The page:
There are various ways to convey property to one’s heirs: by writing a Will with specific instructions; dying intestate and allowing all the land to be entailed on the oldest son; give or sell the property directly to the intended heirs.

The person I’m calling Joseph Schoolfield the 1st died in 1744 and willed to his son John land called SMITH’S FIRST CHOICE. He willed to his son Joseph the 2nd part of a piece of land called DESART and all of an adjoining piece of land called RECOVERY. No mention was made of any of his sons being minors, so I’m assigning a birth year of 1722 to Joseph the 2nd to make him easily old enough to inherit the land without a guardian. It appears to me that the land RECOVERY passes from Joseph Schoolfield the 1st to his son Joseph Schoolfield the 2nd, to his son Joseph Schoolfield the 3rd. Joseph Schoolfield the 2nd, then, would be the Joseph Schoolfield in the above 1790 census, and Joseph the 3rd would be Joseph Schoolfield Junior in that census. (Did I forget to mention that the music score has a refrain that sounds very much like under-the-breath invectives?) If Joseph the 2nd was born about 1722, he would have been about 69 years-old  when he sold that property to his sons for fifteen shillings per son. That’s an age when someone would be getting affairs in order.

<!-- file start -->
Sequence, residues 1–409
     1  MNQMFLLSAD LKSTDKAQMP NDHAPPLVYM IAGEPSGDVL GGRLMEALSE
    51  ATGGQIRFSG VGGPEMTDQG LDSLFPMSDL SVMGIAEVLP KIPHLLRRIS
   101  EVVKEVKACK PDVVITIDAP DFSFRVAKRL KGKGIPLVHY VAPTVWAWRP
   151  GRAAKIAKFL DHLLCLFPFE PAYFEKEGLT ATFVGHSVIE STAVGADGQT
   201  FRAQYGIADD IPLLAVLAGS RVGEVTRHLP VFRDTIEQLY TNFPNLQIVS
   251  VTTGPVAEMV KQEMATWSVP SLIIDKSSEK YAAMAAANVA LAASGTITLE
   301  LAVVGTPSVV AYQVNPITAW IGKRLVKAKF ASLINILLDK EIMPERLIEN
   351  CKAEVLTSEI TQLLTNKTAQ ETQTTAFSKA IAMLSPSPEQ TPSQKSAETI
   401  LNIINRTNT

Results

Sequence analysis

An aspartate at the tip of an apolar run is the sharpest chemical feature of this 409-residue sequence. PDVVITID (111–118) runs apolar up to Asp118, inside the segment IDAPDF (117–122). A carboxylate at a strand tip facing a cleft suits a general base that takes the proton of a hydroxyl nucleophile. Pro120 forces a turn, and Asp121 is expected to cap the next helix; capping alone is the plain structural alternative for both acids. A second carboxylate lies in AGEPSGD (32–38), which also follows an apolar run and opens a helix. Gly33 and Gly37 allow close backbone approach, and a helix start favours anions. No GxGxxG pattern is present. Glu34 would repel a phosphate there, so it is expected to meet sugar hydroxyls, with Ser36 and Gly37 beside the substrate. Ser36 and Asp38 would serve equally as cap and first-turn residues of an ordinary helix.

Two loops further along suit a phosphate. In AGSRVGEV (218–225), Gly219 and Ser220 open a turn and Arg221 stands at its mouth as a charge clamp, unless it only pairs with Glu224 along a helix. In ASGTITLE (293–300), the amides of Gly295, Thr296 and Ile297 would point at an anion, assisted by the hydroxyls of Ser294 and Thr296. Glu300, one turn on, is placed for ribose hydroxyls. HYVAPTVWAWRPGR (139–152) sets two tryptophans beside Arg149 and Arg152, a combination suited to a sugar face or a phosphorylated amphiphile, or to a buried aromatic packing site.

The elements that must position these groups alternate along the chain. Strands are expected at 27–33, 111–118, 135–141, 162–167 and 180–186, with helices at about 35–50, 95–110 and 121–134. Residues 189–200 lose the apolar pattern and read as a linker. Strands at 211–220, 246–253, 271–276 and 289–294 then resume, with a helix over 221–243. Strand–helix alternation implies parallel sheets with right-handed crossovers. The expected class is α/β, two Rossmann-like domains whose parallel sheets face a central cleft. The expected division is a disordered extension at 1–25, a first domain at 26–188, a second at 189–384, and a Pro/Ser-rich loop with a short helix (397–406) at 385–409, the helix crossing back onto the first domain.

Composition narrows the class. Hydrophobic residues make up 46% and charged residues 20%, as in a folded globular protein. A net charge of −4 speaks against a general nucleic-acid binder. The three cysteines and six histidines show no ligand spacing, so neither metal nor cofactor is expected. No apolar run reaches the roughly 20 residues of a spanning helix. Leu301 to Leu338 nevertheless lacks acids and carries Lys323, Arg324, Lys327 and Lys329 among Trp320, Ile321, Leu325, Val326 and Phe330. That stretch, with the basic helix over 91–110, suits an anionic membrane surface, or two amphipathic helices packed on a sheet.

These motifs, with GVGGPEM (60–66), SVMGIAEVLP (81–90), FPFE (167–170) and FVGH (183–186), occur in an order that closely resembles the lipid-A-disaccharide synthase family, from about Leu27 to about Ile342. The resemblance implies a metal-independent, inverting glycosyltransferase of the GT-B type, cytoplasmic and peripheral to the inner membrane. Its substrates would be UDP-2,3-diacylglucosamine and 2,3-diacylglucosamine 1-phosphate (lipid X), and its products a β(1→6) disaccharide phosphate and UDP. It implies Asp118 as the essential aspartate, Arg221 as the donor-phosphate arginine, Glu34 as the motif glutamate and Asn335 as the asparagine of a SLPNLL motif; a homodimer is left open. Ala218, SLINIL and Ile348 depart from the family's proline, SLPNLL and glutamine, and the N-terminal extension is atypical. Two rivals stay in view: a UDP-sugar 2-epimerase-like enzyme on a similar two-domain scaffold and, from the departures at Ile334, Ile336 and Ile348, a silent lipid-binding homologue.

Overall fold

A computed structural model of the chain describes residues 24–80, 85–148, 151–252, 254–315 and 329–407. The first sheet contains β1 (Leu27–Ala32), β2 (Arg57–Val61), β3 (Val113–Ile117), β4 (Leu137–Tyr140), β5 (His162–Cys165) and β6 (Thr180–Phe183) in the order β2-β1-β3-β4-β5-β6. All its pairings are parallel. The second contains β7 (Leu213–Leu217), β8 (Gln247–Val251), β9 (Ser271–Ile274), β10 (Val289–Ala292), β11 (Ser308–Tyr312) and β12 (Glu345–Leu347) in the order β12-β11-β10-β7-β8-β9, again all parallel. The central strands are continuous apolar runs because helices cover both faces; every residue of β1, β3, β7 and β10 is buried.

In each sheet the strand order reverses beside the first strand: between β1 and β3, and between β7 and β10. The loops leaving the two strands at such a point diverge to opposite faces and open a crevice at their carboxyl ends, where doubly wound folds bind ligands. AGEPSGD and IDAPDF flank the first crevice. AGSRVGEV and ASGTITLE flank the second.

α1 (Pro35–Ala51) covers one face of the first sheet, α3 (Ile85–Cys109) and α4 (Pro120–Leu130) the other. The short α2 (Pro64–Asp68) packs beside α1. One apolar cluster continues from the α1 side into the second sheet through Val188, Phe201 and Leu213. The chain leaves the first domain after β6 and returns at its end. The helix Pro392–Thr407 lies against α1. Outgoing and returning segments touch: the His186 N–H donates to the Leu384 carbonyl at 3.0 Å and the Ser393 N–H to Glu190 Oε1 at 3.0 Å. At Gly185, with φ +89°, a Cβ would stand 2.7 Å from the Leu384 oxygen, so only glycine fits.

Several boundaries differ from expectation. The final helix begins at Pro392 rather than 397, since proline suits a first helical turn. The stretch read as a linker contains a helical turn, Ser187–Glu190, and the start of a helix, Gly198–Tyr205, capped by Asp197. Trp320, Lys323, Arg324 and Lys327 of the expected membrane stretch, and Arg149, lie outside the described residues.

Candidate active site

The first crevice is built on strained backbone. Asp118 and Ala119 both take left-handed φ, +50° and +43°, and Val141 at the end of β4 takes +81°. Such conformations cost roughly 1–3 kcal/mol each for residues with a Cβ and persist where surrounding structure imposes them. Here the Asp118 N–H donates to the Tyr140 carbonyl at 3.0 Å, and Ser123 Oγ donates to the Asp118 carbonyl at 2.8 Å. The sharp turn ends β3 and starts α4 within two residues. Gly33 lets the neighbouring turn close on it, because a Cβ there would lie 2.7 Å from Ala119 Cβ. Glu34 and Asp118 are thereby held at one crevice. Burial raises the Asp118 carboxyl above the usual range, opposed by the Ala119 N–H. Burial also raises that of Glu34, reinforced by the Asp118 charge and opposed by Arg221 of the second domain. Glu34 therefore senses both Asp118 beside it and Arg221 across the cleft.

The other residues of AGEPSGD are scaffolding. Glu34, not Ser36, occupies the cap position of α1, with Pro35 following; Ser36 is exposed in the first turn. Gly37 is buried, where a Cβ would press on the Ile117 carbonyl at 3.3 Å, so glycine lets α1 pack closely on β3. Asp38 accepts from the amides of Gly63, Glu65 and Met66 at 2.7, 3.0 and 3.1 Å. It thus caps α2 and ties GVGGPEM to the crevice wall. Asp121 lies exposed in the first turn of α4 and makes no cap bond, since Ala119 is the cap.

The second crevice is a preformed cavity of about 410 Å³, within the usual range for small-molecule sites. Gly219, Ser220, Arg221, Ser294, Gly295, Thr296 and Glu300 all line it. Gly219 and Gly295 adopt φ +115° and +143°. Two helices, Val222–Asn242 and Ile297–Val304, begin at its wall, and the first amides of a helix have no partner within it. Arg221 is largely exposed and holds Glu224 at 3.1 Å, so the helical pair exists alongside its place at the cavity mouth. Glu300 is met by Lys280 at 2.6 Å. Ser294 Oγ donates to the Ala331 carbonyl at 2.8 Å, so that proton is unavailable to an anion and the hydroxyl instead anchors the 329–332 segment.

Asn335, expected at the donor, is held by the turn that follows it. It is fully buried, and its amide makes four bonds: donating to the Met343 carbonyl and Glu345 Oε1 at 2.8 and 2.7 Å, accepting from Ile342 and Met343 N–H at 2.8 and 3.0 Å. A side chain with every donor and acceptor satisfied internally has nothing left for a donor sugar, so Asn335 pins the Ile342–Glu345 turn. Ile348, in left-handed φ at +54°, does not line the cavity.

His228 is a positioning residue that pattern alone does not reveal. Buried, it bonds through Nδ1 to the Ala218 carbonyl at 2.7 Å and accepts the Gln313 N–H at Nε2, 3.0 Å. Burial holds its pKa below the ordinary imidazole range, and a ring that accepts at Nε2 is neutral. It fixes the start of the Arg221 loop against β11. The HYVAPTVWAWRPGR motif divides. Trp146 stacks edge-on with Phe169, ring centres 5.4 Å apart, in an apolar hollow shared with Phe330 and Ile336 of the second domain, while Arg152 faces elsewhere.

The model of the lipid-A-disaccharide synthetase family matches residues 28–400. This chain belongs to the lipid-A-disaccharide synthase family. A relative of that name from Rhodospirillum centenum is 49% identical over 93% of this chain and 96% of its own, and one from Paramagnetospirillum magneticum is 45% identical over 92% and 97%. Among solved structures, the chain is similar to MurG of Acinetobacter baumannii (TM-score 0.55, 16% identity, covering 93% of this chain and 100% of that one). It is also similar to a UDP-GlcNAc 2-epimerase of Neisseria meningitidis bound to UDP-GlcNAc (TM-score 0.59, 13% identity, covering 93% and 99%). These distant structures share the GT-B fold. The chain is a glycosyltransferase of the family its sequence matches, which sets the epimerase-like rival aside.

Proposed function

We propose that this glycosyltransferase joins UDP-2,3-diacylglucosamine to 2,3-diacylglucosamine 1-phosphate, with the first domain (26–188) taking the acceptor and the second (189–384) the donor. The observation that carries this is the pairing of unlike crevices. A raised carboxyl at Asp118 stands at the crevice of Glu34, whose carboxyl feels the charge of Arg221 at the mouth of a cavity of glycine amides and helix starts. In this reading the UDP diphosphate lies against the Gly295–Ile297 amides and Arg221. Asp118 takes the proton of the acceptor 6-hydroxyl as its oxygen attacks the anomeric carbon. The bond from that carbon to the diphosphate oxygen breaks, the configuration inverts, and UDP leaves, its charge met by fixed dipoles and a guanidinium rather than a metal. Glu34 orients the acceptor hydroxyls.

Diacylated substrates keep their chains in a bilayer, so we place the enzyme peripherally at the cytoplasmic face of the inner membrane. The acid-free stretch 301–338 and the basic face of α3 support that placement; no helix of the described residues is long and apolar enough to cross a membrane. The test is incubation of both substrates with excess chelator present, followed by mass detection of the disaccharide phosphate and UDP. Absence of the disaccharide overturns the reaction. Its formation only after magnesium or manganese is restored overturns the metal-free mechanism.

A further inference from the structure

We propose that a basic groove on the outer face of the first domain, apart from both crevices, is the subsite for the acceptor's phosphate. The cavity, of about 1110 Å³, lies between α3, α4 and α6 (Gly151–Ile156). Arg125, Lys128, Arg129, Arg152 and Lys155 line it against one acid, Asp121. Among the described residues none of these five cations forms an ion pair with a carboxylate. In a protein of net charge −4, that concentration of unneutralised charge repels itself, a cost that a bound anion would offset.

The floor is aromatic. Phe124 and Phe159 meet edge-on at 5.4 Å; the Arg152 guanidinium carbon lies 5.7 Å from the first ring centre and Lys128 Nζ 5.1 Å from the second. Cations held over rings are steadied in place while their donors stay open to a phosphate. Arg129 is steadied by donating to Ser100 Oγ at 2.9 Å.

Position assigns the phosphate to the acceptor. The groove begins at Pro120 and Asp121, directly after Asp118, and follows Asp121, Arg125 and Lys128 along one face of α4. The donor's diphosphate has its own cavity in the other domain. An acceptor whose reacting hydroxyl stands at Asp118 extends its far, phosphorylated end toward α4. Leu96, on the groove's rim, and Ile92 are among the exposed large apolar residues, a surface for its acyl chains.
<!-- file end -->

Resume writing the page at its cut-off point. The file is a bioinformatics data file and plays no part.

Taken alone the 1800 Census can be interpreted in more than one way. Combined with other records, the possible stories it can tell narrow significantly. Here is a Joseph Schoolfield living next door to Levi and Dolly Houston:

1800 Census Schoolfield and Houston
1800; Census Place: Pitts Creek Hundred, Worcester, Maryland; Series: M32; Roll: 12; Page: 181

Joseph and Levi are both shown as males 45+. Levi was born 9 Sep 17551.  He is 45. Looking at later census records, Joseph the 3rd was born sometime from 1755 to 1761, making him Levi Houston’s peer.

On the page before the one above is a different Joseph Schoolfield.

1800 Census Schoolfield, Joseph the younger
1800; Census Place: Pitts Creek Hundred, Worcester, Maryland; Series: M32; Roll: 12; Page: 180

See the correction made by the enumerator? That column is for males from age 16 to 25. My interpretation of this correction is that this Joseph Schoolfield is 26, giving him a birth year of 1774. That lines up with the 1820 census. I know it seems like I’m going pretty far into the weeds here, but it is important to establish that this is probably Joseph Schoolfield the 4th, aka the new Joseph Schoolfield Junior. He is now a grown up man able to start purchasing land in his own name: